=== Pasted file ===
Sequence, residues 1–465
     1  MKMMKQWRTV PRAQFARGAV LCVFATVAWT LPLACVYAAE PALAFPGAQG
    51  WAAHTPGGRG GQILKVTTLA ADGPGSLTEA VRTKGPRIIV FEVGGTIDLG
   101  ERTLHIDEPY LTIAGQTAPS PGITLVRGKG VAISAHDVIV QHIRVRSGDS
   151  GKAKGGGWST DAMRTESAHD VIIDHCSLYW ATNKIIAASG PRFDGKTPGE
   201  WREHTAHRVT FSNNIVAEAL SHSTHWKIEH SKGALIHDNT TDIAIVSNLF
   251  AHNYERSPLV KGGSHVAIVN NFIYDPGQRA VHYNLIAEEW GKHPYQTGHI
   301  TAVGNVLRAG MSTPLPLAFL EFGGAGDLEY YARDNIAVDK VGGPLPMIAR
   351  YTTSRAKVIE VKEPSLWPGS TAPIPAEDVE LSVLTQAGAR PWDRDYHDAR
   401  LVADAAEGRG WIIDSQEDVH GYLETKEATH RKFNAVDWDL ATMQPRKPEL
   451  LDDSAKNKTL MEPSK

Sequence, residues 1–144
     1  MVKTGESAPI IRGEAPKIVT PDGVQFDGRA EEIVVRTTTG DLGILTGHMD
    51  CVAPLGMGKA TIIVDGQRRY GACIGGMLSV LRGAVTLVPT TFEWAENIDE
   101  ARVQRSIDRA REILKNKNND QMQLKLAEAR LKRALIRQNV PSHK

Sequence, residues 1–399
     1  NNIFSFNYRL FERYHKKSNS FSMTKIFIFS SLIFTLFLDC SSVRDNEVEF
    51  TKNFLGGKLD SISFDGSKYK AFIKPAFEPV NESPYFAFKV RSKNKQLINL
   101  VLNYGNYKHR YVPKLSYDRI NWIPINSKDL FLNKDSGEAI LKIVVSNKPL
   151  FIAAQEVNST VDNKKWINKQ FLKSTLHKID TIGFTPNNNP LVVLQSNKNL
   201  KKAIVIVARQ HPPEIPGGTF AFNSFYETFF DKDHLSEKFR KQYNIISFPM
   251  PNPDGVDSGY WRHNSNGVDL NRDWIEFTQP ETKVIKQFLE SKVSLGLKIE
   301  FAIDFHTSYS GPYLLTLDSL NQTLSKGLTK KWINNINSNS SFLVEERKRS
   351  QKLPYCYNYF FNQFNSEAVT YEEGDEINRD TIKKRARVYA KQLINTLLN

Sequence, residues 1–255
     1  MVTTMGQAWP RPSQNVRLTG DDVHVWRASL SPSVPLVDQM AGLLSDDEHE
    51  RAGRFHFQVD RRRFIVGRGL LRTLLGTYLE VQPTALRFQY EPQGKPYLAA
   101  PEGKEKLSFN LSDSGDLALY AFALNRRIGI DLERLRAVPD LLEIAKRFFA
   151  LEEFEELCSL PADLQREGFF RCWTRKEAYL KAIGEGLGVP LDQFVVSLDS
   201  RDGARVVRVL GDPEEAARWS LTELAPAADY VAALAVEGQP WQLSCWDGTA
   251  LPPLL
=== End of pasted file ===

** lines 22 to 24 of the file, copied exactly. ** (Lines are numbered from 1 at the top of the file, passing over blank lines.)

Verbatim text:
   251  PNPDGVDSGY WRHNSNGVDL NRDWIEFTQP ETKVIKQFLE SKVSLGLKIE
   301  FAIDFHTSYS GPYLLTLDSL NQTLSKGLTK KWINNINSNS SFLVEERKRS
   351  QKLPYCYNYF FNQFNSEAVT YEEGDEINRD TIKKRARVYA KQLINTLLN